I loved chatting with the older girls, but I had trouble remembering their names. Two of them helpfully wrote them out for me: War War Khing and Wah Wah Khaine, both pronounced exactly the same. The girls were unfailingly polite and kind and fun to be around. They giggled when I asked them to show me how they tie their longyi and when I attempted to squat with them to hang out. Even in long skirts, they squatted around with the greatest of ease, while I struggled hilariously. When I asked them if they ever wore jeans, they said, “sometimes.” They helped us order vegetarian food when we ate at a Thai restaurant, and we encouraged them to try something new. It may have been their first time in a Thai restaurant and possibly in any restaurant at all. Ordering an individual plate for each person was completely foreign to them, too, and in the end they opted for sharing a dish of their familiar, daily food: fried rice with pork.
One day our group and some of the students climbed into our huge air-conditioned bus (that we regretted using; it felt contrary to our desired way of interacting with the country) and went to see a monastery and U Bein bridge. Most of the girls promptly threw up, carsick. On the bridge, the oldest and longest teak footbridge in the world, we witnessed university students dressed in more of an urban style, some in couples, and we noticed how it seemed cool to unwrap a snack and throw the plastic wrapper over the railing. Like many places in Myanmar, the ground below (in the dry season, much of the bridge is over dry land) was blanketed in plastic trash.
In the evening, we went up to the top of Mandalay Hill, wandering barefoot in the gorgeous temple. There, it seemed as if the entire youth of the city had come to look for foreigners to practice English. As I walked in meditative silence, taking in the stunning 360 degree view, I was approached again and again by sweet-faced locals asking to chat. I talked and talked until I was exhausted. I could feel their optimism, as if they knew this was their chance, with the opening of the country, to change their lives, and they were gonna take it. Sometimes I ventured to ask about politics or the government, but every time, they would skirt the question or change the subject. The old fear runs deep.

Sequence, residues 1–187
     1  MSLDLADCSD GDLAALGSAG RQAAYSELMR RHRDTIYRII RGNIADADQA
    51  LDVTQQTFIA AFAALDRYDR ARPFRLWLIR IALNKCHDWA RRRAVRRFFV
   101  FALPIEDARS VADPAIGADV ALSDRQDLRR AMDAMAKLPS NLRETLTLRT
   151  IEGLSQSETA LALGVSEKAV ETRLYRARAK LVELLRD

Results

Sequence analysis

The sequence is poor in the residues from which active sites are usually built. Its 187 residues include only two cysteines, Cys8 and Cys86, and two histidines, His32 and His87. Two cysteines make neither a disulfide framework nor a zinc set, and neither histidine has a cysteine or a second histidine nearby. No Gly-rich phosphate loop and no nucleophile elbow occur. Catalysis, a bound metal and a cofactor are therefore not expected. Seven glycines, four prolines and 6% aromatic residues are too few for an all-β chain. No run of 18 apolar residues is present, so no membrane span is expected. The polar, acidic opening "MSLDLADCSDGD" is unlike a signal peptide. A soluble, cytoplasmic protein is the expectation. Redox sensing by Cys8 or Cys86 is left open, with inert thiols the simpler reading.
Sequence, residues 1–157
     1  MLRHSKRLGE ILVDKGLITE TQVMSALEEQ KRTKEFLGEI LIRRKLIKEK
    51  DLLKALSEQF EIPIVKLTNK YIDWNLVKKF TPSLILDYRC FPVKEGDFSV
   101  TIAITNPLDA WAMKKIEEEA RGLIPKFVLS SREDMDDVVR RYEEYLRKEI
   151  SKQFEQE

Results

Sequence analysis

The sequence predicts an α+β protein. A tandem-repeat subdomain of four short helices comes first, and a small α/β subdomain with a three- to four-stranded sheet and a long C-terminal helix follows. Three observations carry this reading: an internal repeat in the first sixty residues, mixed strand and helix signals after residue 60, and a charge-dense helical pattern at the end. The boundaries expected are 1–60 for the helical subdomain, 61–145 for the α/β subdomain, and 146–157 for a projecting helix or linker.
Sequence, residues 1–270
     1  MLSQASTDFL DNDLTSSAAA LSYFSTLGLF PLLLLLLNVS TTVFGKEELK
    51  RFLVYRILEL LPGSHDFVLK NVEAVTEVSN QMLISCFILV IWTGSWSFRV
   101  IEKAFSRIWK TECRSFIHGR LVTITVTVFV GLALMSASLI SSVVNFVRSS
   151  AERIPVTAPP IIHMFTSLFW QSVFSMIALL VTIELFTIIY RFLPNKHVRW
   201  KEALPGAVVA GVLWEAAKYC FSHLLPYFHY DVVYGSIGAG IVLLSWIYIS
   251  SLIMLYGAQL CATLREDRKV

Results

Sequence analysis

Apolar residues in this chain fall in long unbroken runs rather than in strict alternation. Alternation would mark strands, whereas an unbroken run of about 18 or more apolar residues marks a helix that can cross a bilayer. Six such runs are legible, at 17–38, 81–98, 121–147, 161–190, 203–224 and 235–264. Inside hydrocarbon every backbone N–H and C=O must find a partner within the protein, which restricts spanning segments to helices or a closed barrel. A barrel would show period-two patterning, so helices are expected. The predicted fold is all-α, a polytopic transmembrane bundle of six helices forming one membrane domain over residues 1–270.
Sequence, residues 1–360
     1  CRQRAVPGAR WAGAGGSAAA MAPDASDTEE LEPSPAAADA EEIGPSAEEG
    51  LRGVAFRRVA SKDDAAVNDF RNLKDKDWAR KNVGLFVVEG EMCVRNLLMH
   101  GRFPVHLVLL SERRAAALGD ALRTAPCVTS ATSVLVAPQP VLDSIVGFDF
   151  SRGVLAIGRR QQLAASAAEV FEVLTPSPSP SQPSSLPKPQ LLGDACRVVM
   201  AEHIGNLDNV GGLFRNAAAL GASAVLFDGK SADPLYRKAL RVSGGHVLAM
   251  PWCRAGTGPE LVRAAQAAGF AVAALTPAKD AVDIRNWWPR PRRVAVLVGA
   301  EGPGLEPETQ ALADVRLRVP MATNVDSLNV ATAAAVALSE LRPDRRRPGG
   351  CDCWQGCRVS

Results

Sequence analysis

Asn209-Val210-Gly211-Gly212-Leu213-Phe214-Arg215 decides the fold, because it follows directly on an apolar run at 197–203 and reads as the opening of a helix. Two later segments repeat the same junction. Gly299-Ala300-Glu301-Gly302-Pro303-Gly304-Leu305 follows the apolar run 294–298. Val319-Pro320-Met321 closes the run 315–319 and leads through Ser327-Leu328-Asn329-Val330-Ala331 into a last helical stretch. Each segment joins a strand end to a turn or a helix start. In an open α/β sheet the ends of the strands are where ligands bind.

Another day, we got out of town, Myanmar-style. We all piled into the back of a pickup truck and went to an organic farm owned by the school. The girls had all thrown up when we used the bus, but they sat on the dirty, hard, bumpy truck-bed for an hour in their beautiful skirts with the greatest of ease. On the farm, we met a lively German woman who stays there for several months each year. She treats the young children as her own grandchildren and has taken it on herself to teach the Burmese family living there how to keep the kitchen clean, German-style. “Before I came,” she said, “they would use the same towel for everything: wiping baby’s nose, cleaning the counter, the toilet, and the dishes. The farm won’t last forever,” she continued, “the Chinese are buying up land here and installing a resort and golf course. I want this family to be able to find work in a nice place when the time comes.”
Then we went swimming at a minimally-developed, very rustic sort of Burmese water park. There was a natural waterfall cascading from the hills with bamboo paths and ladders zig-zagging through several enormous pools. The girls dutifully changed from their longyi into jeans and t-shirts and jumped in the water, fully clothed. We saw groups of Myanmar university students doing the same: hanging out listening to pop music, and swimming fully clothed in jeans and shirts.
“Wow, even with no supervision, they swim in clothes,” we remarked, dumbfounded. I also thought that for these kids, it might be next to impossible to locate a swimsuit for sale in Myanmar, much less the money to buy one.
On our last day in Mandalay at the school, we all cried when we said goodbye. The students had taught us far more than we taught them. Even with the smells and the dust and the screams of 6000 children, I felt drawn to come back to teach. The future was wide open, not only for myself, but, for the first time, perhaps for the children of Myanmar as well.
Here are photos from Kuthodaw Pagoda, home of the world’s largest book. Resulting from the Fifth Buddhist Council in 1871, there are 729 stupas that each house a large stone tablet with Pali inscription, all together comprising the entire Tipitaka Pali canon of Theravada Buddhism.